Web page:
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Daily Column
U.S. Papers Monday: Surge Controversy
Kurds: Free the Irbil 5; Anbar Police Recruiting Skyrockets
By SETH SMITH 01/15/2007 02:01 AM ET
Timesman John F. Burns has the day's top story, dealing with the difficulties faced by U.S. and Iraqi officials attempting to jointly plan the mother of all battles: the pacification of Baghdad. Some of the problems are predictable, such as the Iraqi government's questionable commitment to a crackdown on the Shia militias controlled by prominent members of the ruling coalition. Others are new, like creating a workable chain of command for the combined U.S.-Iraqi forces and a bout of bureaucratic infighting centered on the appointment of a commander of Iraqi forces in Baghdad. Despite the hurdles, some officers are optimistic. The article's one weakness is that it lacks any evidence of the Iraqi point of view. In the WP, Sudarsan Raghavan has a more street's-eye view of problems the new Baghdad security plan will likely encounter.Drawing on an impressive array of sources, the article takes the form of a post-mortem for Operation Together Forward, the previous plan now widely considered a failure.

The WP's Joshua Partlow produces the day's other must-read, updating the case of the five Iranians captured by the U.S. in a raid in Irbil last week. As was the case the last time U.S. forces detained Iranians suspected of involvement in attacks, the Iraqis are none-too-pleased. This time, however, Kurdish lawmakers are leading the charge, owing to the fact that Irbil is located in Iraqi Kurdistan. In the NYT, David Sanger analyzes the Bush administration's new, more confrontational approach to Iran. The article does little to advance the story, but provides a good survey of the conflict as currently construed by top U.S. officials.

The NYT's Jim Rutenberg and Patrick Healy have the latest on divergent views in the Democratic caucus with regards to challenging the president's plan to increase troops, including among likely 2008 presidential contenders. Some antiwar Democrats want to go beyond toothless resolutions condemning the plan to enact legislation that restricts or cuts off funding. Walter Pincus has a similar account in the WP that focuses more narrowly on the Congressional debate. Looking at the other side of the aisle, Jill Lawrence of the USA Today has a smart take on how the troop increase debate is playing out among Republican presidential aspirants. Republican voters are more supportive of the plan than independents and Democrats, but potential candidates represent a wide range of views.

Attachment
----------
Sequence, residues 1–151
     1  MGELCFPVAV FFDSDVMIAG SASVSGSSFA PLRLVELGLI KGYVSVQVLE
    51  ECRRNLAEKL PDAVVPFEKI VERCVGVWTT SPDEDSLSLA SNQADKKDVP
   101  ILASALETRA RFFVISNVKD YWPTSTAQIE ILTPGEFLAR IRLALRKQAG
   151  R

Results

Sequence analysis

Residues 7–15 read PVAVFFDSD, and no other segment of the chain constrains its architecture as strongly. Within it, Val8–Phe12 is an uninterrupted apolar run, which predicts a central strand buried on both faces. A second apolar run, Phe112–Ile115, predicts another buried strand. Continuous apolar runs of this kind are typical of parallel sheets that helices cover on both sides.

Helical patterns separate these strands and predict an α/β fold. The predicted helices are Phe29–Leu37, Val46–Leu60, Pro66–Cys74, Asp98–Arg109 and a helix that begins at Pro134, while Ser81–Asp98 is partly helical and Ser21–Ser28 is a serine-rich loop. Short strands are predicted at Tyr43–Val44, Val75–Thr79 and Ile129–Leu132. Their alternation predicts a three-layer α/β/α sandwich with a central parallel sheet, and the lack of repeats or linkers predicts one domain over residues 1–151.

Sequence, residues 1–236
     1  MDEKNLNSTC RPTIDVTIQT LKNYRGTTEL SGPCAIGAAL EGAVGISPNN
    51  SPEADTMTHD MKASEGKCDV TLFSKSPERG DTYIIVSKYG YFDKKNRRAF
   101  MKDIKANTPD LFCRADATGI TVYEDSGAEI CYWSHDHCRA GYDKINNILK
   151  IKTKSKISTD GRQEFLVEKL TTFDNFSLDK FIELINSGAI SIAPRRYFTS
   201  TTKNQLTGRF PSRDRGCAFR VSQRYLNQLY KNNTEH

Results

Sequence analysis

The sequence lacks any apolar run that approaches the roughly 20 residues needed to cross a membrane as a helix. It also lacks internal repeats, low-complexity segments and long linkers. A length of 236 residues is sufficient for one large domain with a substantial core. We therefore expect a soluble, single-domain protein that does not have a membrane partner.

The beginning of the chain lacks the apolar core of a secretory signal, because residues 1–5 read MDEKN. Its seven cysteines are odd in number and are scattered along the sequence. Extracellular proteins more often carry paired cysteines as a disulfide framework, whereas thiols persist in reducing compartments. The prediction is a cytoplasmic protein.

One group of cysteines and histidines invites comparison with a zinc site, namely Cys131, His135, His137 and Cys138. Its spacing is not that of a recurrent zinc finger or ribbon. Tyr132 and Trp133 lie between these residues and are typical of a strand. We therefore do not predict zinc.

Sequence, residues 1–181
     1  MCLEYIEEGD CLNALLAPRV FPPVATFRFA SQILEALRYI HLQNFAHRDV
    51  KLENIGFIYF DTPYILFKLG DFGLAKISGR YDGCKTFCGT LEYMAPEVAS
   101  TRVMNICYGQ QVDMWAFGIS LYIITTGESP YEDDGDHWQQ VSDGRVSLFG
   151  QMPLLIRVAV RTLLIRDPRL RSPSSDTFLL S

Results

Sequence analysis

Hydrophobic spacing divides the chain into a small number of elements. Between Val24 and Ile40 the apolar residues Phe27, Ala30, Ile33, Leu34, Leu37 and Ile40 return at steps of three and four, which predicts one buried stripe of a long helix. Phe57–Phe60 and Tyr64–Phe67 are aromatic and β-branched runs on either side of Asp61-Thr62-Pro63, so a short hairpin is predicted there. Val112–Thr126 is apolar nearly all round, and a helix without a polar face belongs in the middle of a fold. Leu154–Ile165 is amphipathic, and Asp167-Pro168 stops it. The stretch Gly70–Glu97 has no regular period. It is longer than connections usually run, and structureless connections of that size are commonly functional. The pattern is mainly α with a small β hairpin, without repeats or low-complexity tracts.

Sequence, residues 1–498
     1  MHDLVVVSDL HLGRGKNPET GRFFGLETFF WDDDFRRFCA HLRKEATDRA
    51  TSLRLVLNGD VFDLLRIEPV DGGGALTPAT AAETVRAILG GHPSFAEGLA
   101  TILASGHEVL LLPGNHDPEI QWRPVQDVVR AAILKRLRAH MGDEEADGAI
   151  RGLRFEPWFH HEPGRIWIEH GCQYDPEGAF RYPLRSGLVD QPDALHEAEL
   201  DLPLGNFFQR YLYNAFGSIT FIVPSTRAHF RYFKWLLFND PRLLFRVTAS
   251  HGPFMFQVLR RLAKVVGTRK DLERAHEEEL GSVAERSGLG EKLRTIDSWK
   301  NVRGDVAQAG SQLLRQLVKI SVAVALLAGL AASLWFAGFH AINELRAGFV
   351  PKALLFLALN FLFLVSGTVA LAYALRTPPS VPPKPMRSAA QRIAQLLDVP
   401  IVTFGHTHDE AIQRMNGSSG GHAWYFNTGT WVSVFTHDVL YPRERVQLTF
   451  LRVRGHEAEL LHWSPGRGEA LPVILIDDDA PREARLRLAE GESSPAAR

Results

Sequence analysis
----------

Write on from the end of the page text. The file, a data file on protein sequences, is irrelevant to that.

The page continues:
James Glanz reports on the expected increase in the number and size of provincial reconstruction teams (PRTs). Staffing for existing PRTs is already thin, owing in part to the difficulty of recruiting civilians to live uncomfortable lives in dangerous environs. It is unclear how new staff will be found for the revamped effort.

David S. Cloud is traveling with Defense Secretary Robert Gates. The first stop in the Defense Secretary's Europe and Middle East tour finds him in London, where he held talks with British Prime Minister Tony Blair and Defense Minister Des Browne. Iraq and Afghanistan topped the agenda, with Gates querying the Brits as to whether they plan to carry through with troop withdrawals from Iraq. Offering a preview of the days ahead, one official attached to the delegation put U.S. allies in the Persian Gulf on notice that they will heretofore be expected to fulfill their aid commitments to Iraq.


Michael A. Fletcher rounds up the Sunday media appearances by President Bush and Vice President Cheney. The administration is dead set on increasing troop numbers, despite the increasing clamor for withdrawal from both the public and Congress. On 60 Minutes, Bush aired a new justification for the war, saying that leaving Saddam Hussein in power possibly would have triggered a nuclear arms race between Iran and Iraq.

Griff White writes up a change in the laws governing contractors and other civilians working alongside the U.S. military in war zones. Some have accused contractors in particular of flouting what is considered extralegal status, allowing them to go unpunished for well-documented misdeeds, particularly in Iraq. The new law will likely be challenged in court, as there is little precedent for civilians facing courts-martial.

Editorial page editor Fred Hiatt has a column arguing that while U.S. troops will inevitably and necessarily be used by politicians to score partisan victories, it is also necessary to step back and realize that these same troops are not just props, but are actual living, breathing humans, many of whom have sacrificed deeply for the country as a whole.


Rick Jervis writes up the surge in recruits eager to become police in Anbar province. At least 1,000 men have signed up in the past two weeks alone, compared to approximately 800 in December and a few dozen as recently as September. Jervis reports that both the U.S. and Iraqi officials portray the increase as owing to a decisive split between Sunni tribes and Al Qaida in Iraq. However, it must be said that this same storyline has been touted before without having dampened the insurgency.


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